Many local history books by local authors are prominently displayed. Included are books by Tom Crisp, Gloria Lopez, Dorothy O’Neill, Lorraine Rominger, and others. There are also photos of Winters taken by the famed Dorothea Lange that were taken in the 1930s and 40s.

Finally, several of the photos from the “Lost Japanese Community of Winters” are displayed. The next exhibit, planned for the spring of 2024, will bring back this popular exhibit which will coincide with the unveiling of a monument honoring the Japanese community.

Recently Closed: Wide World of Winters' Sport

Wide World of Winters' Sports

Tom Crisp, the exhibit's co-curator and primary collector, reports that the Winters Museum's Wide World of Winters Sports exhibit closed on Sunday, July 30

A Special Closing Event

Exhibit Closes with Special Event

The Wednesday Ramblers wowed the crowd with a performance of "Take Me Out to the Ball Game" at the closing of the Wide World of Winters' Sports Exhibit. 

Monument News

City Council Approves Monument Plan


The Winters City Council unanimously approved the placement of the monument commemorating the Lost Japanese Community of Winters in Rotary Park following a presentation by the Historical Society of Winters.

New Monticello Exhibition Video

Remembering Monticello--A Final Look

Take a guided tour of the recent Remembering Monticello exhibit at the Winters Museum  with narration by Carol McGinnis Fitzpatrick and Woody Fridae. 


Museum Hours

Winters Museum Schedule


Museum Location

The Winters History Museum is centrally located in downtown Winters at 13 Russell Street, on the corner of Russell and First Streets, a short walk from Buckhorn Steakhouse, Putah Creek Cafe, Preserve, Steady Eddy's, Ficelle, Hooby's, Chuy's, Pizza Factory, Ocean Restaurant, El Pueblo, Carboni's, Winters Hotel, Turkovich Family Wines, Berryessa Gap Tasting Room, L'Apéro les Trois, Winters City Hall, Winters Community Center, and Sam Spade's Office.    

Thank You!

Thank You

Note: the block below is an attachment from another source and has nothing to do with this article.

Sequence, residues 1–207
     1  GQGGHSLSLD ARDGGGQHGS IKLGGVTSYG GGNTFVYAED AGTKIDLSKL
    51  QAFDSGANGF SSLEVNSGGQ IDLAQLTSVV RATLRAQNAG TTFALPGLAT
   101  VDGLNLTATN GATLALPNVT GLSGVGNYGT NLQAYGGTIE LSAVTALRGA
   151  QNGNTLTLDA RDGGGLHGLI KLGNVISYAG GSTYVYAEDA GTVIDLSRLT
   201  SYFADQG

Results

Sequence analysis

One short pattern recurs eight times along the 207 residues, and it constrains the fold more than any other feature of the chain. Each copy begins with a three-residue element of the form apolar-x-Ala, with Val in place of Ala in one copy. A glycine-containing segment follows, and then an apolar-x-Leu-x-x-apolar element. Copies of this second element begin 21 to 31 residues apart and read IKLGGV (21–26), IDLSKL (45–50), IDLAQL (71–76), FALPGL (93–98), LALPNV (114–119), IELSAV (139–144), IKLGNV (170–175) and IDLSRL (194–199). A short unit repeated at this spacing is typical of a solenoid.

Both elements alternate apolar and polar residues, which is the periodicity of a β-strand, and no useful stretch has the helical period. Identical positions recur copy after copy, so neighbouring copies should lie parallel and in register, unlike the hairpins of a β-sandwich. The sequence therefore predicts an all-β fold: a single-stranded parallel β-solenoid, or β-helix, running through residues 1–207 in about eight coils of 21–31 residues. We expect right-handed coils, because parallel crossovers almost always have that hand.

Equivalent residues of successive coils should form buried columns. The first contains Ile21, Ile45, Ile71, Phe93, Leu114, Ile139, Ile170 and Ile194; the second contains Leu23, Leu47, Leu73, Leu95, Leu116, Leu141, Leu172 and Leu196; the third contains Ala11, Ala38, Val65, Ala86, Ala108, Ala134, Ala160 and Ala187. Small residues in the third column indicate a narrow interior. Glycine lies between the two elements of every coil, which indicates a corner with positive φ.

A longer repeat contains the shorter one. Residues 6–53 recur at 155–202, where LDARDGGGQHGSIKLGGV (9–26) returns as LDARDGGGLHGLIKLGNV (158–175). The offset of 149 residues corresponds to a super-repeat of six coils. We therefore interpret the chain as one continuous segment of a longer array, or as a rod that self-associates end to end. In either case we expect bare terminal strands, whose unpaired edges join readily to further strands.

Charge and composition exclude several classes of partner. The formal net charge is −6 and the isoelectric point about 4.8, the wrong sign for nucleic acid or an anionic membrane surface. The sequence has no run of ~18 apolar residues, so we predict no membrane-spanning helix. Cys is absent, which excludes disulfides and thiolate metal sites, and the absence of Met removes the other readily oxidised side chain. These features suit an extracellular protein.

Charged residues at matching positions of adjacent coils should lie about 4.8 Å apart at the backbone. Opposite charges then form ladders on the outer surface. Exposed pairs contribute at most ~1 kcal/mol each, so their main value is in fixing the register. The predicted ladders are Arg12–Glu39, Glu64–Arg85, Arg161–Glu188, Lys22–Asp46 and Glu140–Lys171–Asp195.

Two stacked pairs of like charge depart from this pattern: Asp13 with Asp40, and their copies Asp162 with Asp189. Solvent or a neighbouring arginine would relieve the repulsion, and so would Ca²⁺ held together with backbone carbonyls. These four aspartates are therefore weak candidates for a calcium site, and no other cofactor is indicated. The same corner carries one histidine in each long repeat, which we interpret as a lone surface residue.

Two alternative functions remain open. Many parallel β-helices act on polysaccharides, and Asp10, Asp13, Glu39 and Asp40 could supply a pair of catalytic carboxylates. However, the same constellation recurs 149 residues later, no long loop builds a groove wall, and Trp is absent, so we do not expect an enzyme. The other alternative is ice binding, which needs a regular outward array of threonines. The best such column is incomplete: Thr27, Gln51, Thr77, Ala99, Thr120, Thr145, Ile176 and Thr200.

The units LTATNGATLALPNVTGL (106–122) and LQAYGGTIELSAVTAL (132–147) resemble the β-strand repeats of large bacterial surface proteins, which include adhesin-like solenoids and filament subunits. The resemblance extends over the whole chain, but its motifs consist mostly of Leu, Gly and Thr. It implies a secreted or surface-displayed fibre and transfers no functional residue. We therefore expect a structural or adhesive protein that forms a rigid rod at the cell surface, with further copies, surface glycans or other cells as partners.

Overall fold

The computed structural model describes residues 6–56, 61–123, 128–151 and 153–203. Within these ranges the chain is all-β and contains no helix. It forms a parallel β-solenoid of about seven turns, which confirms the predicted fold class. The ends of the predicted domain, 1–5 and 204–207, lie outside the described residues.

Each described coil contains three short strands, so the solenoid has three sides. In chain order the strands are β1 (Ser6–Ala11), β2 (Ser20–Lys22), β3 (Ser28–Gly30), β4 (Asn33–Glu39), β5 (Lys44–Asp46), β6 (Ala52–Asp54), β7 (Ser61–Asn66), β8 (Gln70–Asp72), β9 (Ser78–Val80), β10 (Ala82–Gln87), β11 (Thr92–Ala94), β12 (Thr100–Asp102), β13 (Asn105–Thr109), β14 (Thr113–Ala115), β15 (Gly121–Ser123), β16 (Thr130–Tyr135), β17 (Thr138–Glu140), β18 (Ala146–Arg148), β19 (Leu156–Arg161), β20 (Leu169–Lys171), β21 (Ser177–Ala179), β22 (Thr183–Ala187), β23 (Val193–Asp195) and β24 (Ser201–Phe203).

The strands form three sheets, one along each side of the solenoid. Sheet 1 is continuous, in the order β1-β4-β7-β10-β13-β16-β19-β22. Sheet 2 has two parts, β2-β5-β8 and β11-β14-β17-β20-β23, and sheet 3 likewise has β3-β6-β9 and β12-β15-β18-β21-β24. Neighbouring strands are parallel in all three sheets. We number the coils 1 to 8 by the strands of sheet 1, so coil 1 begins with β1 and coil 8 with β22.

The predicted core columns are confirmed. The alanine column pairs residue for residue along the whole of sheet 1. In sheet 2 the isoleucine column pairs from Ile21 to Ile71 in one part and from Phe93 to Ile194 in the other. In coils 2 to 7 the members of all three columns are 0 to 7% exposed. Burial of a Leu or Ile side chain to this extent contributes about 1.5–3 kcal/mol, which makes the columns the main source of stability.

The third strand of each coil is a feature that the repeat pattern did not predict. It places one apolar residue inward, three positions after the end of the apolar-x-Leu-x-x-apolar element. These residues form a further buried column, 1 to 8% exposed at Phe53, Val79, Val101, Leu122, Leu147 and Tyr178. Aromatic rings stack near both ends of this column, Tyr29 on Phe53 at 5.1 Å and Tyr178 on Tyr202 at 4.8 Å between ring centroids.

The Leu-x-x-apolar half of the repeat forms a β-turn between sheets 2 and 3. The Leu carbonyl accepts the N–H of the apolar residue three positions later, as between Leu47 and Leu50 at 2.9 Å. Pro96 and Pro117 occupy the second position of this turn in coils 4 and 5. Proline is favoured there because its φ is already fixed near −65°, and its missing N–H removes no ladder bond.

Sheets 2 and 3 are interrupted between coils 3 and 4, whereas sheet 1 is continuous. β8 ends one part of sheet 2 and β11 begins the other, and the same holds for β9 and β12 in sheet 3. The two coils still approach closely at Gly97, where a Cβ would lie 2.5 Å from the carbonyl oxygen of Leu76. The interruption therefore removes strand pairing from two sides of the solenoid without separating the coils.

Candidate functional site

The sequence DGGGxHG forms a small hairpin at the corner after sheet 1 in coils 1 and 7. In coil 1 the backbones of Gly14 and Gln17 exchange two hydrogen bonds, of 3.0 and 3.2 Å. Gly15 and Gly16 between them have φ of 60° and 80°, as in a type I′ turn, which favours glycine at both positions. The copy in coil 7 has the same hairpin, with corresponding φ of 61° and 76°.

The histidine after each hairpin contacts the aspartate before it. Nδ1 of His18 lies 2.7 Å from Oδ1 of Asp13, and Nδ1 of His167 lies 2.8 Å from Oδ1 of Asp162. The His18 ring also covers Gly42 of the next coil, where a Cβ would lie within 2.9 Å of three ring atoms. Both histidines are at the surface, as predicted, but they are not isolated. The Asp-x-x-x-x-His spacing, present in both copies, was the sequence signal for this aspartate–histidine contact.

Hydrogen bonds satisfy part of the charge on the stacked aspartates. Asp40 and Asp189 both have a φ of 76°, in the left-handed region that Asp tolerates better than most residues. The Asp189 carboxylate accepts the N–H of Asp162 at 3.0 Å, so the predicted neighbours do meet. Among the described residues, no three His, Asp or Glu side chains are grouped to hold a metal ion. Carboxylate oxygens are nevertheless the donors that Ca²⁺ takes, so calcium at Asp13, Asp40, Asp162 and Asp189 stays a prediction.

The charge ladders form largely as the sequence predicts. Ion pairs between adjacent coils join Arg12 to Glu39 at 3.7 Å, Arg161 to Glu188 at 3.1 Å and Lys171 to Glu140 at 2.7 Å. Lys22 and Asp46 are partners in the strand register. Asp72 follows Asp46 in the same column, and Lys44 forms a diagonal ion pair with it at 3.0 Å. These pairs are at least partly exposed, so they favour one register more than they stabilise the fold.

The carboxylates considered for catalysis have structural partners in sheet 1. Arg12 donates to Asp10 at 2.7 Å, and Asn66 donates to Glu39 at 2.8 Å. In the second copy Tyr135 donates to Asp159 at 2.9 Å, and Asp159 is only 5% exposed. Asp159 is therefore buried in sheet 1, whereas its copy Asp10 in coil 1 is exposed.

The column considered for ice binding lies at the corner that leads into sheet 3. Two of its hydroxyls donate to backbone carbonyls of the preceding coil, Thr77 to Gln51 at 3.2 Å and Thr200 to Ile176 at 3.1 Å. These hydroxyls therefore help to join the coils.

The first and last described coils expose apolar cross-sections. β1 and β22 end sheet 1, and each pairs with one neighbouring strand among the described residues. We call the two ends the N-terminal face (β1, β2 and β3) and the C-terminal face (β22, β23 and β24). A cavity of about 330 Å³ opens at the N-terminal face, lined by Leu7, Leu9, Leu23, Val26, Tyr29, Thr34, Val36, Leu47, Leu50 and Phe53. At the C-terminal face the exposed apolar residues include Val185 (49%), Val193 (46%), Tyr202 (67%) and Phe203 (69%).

We want to thank everyone for supporting the Historical Society of Winters and the Winters Museum during this year's Big Day of Giving!

Support the Winters Museum!

Support the Winters Museum with a donation to Historical Society of Winters.   

A Brief History of Winters

Newt Wallace writes his Express column

Thanks to the Winters Express for including an article which details the early history of our town in the Welcome to Winters 2020 publication. Please pick up a copy while they are available, or . . .


More Winters History

The Saloons Have Moved!

A 1875 Los Angeles Herald news item mentions Buckeye and Winters. Learn how a decision regarding the routing of an extension of the Vaca Valley Railroad led to the demise of Buckeye and the rise of Winters. 

(Source: Tom Crisp's The People of Buckeye and Early Winters)

Buckeye and Early Winters. . .


John Reid Wolfskill

John Reid Wolfskill, the area’s earliest American settler, 1842.

Read More. . .


Theodore Winters

The City got its name from early businessman Theodore Winters.

Read More. . .


The Winters Express

The first Express came off the press in February of 1884.

Read More. . .


1975  Centennial

In 1975, The Winters Express printed a special supplement commemorating the Winters Centennial.

Read More. . .



Books. . . 



Videos. . .


Connect with HSW!